Automated tests can be be both - unit tests or other tests. But that was not the point of my comment. My point is, rewriting does not get trivial just because you have tests, even when those test don't have to be touched. – Doc Brown Jan 5 '18 at 10:49
0

He probably exagerated a bit, however there is some truth to it.

  • "analysis-paralysis": there are so many possible choices and ways to make develop something that looking too long for the best technology fit might become counter productive at some point. Perhaps if you just picked the first "ok" one, you would already have finished the task by the time you would take to evaluate all possible technologies.

  • "unexpected roadblocks". You can't foresee everything. And if you have invested soooo much time in building an optimal "solution" just to discover later on that some detail causes real trouble, the effort is either all wasted or it becomes very time consuming. Doing early prototyping is a very good way to explore what lies ahead of you, including the pitfalls.

  • "early returns". A prototype is very useful, be it as a proof of concept. Perhaps you'll have to rewrite it all (and better) next time, but you've earned valuable information, feedback, ways to improve it ...and maybe your project wouldn't even be afloat otherwise because the "right" solution would have been too time consuming.

  • "aging technologies". Especially for larger projects, by the time you finish it, it's likely that a lot of tools, technologies, APIs, libraries have progressed to a point where your current solution feels obsolete. I was once working for a company which transitionned huge codebases from assembler to C, then C++, and by now probably C# and in a decade, it'll change too. Likewise, JAVA GUIs are ported to web techs, web techs are ported to native mobile and so on, and so forth.

...so, well, yeah, it's a matter of finding the right balance between planning and doing.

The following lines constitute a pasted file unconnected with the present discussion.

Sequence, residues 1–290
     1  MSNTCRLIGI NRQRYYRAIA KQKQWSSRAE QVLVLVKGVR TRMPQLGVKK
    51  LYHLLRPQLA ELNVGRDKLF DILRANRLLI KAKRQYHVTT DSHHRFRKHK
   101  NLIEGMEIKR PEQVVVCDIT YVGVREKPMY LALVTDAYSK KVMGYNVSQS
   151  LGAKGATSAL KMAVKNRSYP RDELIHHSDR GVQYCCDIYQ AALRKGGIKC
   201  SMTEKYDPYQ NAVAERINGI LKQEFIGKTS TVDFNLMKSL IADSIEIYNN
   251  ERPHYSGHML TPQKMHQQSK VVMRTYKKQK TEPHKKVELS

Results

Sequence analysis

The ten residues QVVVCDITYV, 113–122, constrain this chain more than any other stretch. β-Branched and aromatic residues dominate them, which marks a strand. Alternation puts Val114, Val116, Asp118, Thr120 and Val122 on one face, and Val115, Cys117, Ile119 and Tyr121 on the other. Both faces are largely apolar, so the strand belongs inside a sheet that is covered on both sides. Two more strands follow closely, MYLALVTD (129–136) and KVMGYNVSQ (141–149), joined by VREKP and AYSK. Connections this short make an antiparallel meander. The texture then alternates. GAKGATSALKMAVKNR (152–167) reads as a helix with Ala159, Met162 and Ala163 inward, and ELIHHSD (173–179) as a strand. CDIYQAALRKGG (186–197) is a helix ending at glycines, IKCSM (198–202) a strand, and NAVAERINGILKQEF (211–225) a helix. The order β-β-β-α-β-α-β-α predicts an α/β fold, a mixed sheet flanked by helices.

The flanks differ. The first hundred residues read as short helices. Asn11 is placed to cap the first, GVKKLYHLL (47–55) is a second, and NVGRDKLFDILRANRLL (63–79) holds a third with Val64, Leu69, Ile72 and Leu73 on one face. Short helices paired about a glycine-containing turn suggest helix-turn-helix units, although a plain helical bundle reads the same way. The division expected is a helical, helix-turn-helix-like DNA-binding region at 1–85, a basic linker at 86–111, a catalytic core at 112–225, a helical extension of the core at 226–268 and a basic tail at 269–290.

0

When you are prototyping a smallish piece of a big project, your lecturer's comments are right on.

For example, when I worked at a next-generation genetic sequencing company, many of the algorithms were developed in python because of familiarity to the data scientists, and speed of development. It often took a lot of hacking and experimentation to get the I/O and data structures right, and to meet processing speed and space requirements for the huge data sets. We sometimes used R or MatLab. There are lots of other options here.

After the prototype was working, the initial interface to it was via the command line. Slowly, over time, most were converted to our "real" application, written in Java, which was viewed (note that I'm not taking a position on this!) as more robust and maintainable, and was certainly more familiar to the software engineers.

0

Code is not constantly rewritten, so there everything is already based on a wrong assumption.

Sometimes you have code that is used once and never again. Quality doesn’t matter if you can verify that the result is correct. Most code isn’t like that.

Sometimes people write prototypes with the intent to throw the prototype away and write real code later. And then you get management deciding that the rubbish prototype is good enough, and it’s bad quality will haunt you forever. In theory, this shouldn’t happen. In practice, there’s a difference between theory and practice.

Unless you are 100% sure that the low quality won’t affect YOU but is someone else’s problem, make sure that everything you do has decent quality from the start. It’s cheaper that way.

Your Answer

By clicking “Post Your Answer”, you agree to our terms of service, privacy policy and cookie policy

Not the answer you're looking for? Browse other questions tagged or ask your own question.